"PIN UPS" 
COVER SHOT: An Alternative Use For Twiggy
The thing with Bowie is he always keep you guessing. Someone in my position can only imagine how nonplussed the record buying public may or may not have been when he dropped an album of cover songs less than a year after "Aladdin Sane", particularly when we're talking about songs that were out in the preceding decade or so.
And so it is that from the more ambitious offerings of that aforementioned body, not six months later we get an album of mainly passable, occasionally cringeworthy rock 'n' roll songs, sung by somebody who is reasonably unmistakable as one of Britain's biggest pop stars of the era. If nothing else, it's certainly out there enough to bear the Bowie fingerprint, but even by his rich standards this must be considered quite the deviation.
So what's actually on there? Bit of Who, bit of Kinks, bit of Pink Floyd (Liverpool's favourite band - FACT), and yet despite being good songs by good artists being covered by good musicians, it's not very... Well, good, I suppose. It's not that the song selections are bad, and nothing's totally terrible (slowed-down "I Can't Explain" aside) but everything just seems a bit limp and phoned in - one might as well just dig out the originals, as not much is added to or subtracted from them.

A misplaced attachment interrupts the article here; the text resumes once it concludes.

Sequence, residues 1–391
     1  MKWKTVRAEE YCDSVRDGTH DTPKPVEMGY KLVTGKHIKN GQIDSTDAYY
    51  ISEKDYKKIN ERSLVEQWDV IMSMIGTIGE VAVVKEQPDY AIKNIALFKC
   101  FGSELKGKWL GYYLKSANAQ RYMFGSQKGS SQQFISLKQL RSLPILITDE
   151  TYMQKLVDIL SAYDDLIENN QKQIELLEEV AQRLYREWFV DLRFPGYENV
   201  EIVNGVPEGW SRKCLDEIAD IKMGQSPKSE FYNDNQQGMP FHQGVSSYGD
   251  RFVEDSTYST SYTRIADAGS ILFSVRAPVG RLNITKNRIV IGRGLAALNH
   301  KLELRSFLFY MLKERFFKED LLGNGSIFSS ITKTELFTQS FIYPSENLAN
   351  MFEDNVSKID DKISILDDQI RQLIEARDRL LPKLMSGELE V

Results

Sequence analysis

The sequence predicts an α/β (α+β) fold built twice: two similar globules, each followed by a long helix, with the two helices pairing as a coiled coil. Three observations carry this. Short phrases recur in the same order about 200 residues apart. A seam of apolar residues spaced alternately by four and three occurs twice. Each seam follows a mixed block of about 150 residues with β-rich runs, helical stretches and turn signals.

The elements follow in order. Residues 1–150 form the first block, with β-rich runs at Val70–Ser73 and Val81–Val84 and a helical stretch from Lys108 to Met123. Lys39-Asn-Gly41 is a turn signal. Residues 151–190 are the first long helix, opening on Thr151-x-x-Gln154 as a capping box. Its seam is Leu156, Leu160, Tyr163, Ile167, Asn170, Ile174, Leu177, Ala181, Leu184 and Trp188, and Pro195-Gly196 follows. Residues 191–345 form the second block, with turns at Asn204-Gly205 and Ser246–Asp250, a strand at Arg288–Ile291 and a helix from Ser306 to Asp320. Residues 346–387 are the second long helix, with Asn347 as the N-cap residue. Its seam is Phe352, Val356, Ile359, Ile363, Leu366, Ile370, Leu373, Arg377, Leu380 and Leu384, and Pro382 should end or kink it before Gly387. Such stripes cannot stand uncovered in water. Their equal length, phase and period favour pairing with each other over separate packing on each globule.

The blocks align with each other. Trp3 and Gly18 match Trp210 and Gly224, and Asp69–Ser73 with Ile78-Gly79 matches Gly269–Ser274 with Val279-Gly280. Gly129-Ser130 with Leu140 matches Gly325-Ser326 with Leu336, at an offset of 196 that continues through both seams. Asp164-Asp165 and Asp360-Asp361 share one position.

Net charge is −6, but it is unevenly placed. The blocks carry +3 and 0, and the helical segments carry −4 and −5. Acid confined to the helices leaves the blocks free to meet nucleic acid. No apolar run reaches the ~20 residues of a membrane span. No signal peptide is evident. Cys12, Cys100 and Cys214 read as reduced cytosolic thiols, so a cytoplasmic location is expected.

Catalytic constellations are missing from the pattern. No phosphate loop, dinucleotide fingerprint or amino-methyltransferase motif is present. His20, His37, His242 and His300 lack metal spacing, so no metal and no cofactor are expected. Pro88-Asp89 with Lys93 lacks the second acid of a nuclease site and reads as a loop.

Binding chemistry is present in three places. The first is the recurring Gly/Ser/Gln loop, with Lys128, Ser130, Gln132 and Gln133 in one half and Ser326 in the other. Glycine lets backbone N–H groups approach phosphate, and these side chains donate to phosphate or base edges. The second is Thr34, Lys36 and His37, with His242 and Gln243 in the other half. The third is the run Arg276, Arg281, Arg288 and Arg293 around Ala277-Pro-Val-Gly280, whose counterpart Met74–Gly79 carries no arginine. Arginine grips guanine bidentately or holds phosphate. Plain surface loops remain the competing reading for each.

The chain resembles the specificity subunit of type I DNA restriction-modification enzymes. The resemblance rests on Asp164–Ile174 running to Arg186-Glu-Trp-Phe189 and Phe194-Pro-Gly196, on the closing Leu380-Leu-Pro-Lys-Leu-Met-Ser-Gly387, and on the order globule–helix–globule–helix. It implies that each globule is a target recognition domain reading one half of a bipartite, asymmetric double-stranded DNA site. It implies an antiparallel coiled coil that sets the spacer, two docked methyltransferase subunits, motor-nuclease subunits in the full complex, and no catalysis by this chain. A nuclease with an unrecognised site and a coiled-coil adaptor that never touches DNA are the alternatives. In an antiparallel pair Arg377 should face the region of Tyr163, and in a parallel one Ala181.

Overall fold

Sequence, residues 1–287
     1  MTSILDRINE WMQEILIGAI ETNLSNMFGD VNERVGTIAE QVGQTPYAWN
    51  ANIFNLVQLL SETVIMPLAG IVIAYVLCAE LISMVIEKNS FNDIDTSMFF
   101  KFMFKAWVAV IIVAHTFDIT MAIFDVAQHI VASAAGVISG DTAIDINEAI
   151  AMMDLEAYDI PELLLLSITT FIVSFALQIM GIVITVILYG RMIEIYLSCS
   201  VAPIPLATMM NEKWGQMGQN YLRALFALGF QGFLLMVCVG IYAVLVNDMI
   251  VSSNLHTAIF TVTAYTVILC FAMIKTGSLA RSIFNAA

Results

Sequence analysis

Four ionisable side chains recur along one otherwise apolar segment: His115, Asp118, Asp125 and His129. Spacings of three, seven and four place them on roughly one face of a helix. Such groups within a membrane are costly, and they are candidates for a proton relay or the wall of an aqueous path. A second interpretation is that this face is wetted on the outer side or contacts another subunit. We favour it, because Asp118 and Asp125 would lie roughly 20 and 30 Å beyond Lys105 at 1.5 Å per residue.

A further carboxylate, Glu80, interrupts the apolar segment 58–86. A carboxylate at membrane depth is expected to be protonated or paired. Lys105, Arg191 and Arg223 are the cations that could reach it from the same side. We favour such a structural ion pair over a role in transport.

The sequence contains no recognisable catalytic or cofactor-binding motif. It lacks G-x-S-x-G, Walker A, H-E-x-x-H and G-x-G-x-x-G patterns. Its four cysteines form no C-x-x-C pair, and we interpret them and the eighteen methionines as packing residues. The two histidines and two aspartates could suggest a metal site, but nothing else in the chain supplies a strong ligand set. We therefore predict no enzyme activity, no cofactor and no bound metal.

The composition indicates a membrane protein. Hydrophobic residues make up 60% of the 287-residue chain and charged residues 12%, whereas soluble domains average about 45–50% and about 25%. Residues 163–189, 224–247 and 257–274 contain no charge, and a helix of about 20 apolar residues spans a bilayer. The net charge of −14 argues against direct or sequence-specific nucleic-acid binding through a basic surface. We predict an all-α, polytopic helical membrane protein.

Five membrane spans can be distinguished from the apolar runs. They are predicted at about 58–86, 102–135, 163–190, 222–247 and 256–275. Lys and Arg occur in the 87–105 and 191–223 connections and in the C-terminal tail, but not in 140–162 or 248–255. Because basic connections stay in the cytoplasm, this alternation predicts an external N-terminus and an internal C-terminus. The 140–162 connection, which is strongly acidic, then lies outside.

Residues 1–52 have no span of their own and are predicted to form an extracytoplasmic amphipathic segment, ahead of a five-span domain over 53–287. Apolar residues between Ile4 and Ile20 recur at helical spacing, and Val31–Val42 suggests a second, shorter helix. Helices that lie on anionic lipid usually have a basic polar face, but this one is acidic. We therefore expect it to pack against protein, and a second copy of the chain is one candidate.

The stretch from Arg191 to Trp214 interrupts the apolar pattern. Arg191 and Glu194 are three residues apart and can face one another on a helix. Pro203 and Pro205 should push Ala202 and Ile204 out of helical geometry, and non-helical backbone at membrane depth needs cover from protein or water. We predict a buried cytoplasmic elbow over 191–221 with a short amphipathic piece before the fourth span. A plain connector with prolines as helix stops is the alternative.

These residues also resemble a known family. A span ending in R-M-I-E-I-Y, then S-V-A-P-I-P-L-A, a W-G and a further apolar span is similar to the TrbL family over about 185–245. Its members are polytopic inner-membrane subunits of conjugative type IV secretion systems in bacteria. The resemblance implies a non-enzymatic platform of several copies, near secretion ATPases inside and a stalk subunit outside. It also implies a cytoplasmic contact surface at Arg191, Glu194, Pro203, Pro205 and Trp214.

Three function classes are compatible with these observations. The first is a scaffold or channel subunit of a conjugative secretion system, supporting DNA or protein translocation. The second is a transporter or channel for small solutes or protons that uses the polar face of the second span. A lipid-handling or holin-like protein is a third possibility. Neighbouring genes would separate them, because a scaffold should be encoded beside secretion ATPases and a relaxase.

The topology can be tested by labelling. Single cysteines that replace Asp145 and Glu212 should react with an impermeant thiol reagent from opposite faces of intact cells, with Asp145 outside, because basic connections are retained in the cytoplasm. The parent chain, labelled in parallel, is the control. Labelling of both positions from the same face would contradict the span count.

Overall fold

But the major complaint is that none of this is strictly necessary; that alone doesn't make it a bad album, or an invalid artistic statement, but it does mean that it seems like simply a lesser quality of work, particularly when juxtaposed with the albums on either side of it chronologically. It also seems like a sad goodbye to Ronson and co., who we shan't be hearing from again any time soon. One wonders if the whole thing was a contractual obligation of sort, either to his musicians or the record company.
As with most of his career moves, it doesn't appear to have done him much harm in the long run. Think of this as more of a musical sorbet - a sharp break between courses, there to clear the palate of the Spiders From Mars before the more esoteric offerings to come. I think I've nicked that concept from the "Fist Of Fun" comedy cash-in book; still, the reference endures.
Join us next time for a wonderful trip to Murder City. Mmm - sounds relaxing!